Lisa Hepfner Apologizes After Saying That Digital News Outlets are ‘Not News’

Liberal MP, Lisa Hepfner, has now apologized after her comments that online news are not news went viral.

Yesterday, we reported on controversial remarks made by Liberal MP, Lisa Hepfner. The remarks were made during a House of Commons clause-by-clause review Bill C-18, Canada’s Link Tax law. She said that online news organizations are “not news”. Here’s the footage of her remarks at the time:

When we see that hundreds of news outlets have closed in this country since 2008, and we’ll see the argument that well, a couple hundred other online news organizations have popped up in that time, what we don’t see is that they’re not news.They’re not gathering news. They’re publishing opinion only. We have a proliferation of opinion organizations out there, publishing their opinions without people going out actually reporting the news. 

I will not be supporting this amendment. I don’t think it’s necessary. Journalism organizations have codes of conduct that they follow. They have laws that they have to follow. They have to understand what they can do in a courtroom. They have to go before the CRTC if they don’t follow all of the proper journalism standards. These are things that are taught in journalism schools and in news rooms across the country. 

(Transcript via Micahel Geist)

The remarks went viral online and caused a storm of controversy with many lashing out at the MP for her remarks. Obviously, numerous online journalism outlets have been popping up and growing over the last decade with well regarded reputations. I also pointed out the many journalistic contributions I’ve made as well as the many contributions my former colleagues made since at least 2005 to the many debates surrounding technology. University Law Professor, Michael Geist, also noted the multiple online journalism outlets that were local to her riding as well, covering her activities as an MP. Suffice to say, a lot of people rightfully took offence to the remarks that they were “not news”.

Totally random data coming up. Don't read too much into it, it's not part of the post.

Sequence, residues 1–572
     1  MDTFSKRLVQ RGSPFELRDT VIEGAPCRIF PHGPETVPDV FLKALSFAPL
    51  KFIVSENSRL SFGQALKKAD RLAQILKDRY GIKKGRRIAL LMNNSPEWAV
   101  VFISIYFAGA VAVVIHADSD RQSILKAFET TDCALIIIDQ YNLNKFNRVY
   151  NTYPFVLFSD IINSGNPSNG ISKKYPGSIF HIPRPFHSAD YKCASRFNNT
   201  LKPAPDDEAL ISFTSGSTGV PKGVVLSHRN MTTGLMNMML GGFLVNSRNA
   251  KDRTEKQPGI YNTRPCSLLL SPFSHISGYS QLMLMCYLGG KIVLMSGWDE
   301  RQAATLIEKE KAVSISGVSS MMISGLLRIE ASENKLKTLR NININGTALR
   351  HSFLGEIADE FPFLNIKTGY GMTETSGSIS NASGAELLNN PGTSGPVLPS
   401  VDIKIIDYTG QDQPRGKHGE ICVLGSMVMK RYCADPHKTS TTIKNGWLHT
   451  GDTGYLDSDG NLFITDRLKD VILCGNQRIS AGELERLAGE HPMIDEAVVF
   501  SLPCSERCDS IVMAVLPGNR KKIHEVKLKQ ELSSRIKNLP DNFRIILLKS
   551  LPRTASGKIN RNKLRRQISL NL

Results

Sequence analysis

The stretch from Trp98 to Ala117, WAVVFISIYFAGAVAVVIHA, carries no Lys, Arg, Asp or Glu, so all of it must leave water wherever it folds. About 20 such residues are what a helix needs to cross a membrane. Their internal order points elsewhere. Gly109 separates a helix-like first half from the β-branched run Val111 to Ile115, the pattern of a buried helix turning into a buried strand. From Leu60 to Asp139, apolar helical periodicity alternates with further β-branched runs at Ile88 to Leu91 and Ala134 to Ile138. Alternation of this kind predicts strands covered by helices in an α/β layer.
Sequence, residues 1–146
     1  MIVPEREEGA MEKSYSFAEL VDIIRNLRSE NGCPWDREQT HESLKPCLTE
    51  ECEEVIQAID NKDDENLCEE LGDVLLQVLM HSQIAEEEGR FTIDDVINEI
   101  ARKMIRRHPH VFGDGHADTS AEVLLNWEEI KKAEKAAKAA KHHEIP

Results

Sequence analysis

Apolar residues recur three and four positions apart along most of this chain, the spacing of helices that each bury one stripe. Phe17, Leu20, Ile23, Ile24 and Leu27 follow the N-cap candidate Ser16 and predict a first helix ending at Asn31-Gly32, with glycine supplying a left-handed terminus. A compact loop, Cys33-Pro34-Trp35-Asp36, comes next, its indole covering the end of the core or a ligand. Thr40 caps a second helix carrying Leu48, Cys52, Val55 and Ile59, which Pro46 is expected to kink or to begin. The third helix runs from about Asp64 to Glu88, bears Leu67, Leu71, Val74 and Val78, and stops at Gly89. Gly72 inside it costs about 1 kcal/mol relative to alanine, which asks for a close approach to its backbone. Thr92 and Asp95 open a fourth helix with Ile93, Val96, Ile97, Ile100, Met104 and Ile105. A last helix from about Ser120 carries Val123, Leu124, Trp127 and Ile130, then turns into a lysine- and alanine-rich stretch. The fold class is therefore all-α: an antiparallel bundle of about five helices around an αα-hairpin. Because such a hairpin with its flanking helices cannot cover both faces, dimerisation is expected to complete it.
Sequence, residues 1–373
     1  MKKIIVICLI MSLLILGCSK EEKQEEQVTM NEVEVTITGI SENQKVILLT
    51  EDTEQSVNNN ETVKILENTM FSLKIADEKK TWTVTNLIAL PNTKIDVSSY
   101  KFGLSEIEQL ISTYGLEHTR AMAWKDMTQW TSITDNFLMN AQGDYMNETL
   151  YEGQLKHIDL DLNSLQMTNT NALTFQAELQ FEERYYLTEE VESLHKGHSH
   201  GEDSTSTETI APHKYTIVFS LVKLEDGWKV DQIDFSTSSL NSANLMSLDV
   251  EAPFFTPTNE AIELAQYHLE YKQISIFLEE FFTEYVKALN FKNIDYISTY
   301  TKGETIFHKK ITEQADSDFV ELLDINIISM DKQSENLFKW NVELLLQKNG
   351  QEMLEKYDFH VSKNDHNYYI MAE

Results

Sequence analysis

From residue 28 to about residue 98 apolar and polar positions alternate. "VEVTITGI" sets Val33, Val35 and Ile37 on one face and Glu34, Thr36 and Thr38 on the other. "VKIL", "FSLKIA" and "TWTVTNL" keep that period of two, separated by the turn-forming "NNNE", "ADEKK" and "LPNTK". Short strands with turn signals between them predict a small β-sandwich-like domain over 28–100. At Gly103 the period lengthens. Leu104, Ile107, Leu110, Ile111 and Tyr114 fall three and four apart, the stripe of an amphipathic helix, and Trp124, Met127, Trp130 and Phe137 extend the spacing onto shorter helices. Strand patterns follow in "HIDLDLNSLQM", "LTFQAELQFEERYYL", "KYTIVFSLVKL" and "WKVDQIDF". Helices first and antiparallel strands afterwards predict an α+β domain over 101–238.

Well, it seems as though the controversy grew to be a bit much for Hepfner. We have learned that she has since took to Twitter to issue an apology:

I apologize to digital news outlets whose reporters consistently produce important work, which takes considerable resources to create. #C18 will support digital journalists in their work.

While the apology is appreciated, we know full well that Bill C-18 won’t actually support a number of digital journalists out there. As we pointed out in our analysis, Section 27 would mean a number of small digital news outlets won’t qualify as being “eligible” because of the bar set by number of journalists that must be employed and “produces news content that is not primarily focused on a particular topic”.

All this, of course is happening as evidence emerged that the biggest players will be the biggest beneficiaries of Canada’s Link Tax law.

Regardless, the comments will likely sting for quite some time. This is because a number of voices have already started to conclude that the link tax law will only benefit already wealth organizations and do little to actually allow journalism to flourish. For those voices, the comments ultimately confirmed what they have been fearing about this legislation. It’s going to take quite a bit to walk things back and pretend that all journalists stand to benefit from this legislation – a talking point that has already long been in doubt.

(Hat tip: @Mgeist)

Drew Wilson on Twitter: @icecube85 and Facebook.

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